THE GHOST OF ASA SNOW
Desdemona came from Shakespeare.
Asa? I liked the sound of the old-fashioned name, but I particularly liked the story of a long-ago resident of one of the four towns flooded to create the reservoir in Massachusetts that I use as the model for my Cascade.
Asa Snow lived in Dana, Massachusetts in the 1840s. His nickname was “Popcorn” because he was a vegetarian who survived on popcorn and milk. He, like me, had a terrible fear of being buried alive, so he had a metal casket built for himself, with a glass window at the head. He instructed the undertaker to check on him for a week after his death, to make sure that he was well and truly departed. But stories followed Asa long after his death: he walked the earth every November 15. His body, seen through the glass, did not decompose.
Then there’s Jacob Solomon. That name just came to me one day when I was working on a short story–a story that would eventually turn into Cascade–about artists in New York City in the 1930s. I had decided that Jacob would end up in a tenement on the Lower East Side, and I was looking forward to seeing an exhibit of 1930s photographs at the New York Public Library.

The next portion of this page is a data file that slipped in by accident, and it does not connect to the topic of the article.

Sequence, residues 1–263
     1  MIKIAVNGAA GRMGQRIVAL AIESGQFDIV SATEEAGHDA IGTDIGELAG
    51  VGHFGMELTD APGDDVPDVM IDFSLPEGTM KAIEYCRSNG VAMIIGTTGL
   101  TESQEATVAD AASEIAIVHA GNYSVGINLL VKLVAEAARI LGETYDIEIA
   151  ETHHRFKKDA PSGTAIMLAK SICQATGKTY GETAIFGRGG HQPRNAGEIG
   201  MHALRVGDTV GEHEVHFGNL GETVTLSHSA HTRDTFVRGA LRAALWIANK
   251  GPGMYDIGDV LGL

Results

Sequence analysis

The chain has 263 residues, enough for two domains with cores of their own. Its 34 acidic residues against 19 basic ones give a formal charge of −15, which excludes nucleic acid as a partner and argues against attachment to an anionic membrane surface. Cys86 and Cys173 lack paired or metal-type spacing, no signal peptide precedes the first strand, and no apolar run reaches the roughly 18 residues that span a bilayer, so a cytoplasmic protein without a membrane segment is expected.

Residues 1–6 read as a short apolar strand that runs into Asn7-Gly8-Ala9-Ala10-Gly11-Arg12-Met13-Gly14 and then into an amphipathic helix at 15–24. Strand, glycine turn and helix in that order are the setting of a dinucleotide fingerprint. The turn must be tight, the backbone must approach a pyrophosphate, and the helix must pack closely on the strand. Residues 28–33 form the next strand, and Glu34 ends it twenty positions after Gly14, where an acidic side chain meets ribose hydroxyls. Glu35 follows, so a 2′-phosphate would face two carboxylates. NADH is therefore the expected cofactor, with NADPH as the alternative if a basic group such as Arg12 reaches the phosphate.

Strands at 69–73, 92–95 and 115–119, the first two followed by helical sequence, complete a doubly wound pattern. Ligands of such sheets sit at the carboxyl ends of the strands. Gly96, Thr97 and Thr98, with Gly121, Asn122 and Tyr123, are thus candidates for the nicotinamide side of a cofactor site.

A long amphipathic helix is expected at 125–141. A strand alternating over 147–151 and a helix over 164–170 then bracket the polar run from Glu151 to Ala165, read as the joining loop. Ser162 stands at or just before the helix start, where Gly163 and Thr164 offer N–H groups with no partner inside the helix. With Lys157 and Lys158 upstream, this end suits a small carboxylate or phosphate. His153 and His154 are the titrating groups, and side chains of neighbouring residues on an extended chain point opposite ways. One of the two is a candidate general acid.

Okay, the VERY FIRST photograph in the show just happened to be the “tenement belonging to Jacob Solomon.” Another ghost?
Maybe. The attached is Jacob Solomon’s tenement on Avenue D, photo by the great Dorothea Lange, courtesy of the Library of Congress.
And for more stories about Asa “Popcorn” Snow, check out the small-press books of J.R. Greene, and this page: Quabbin page.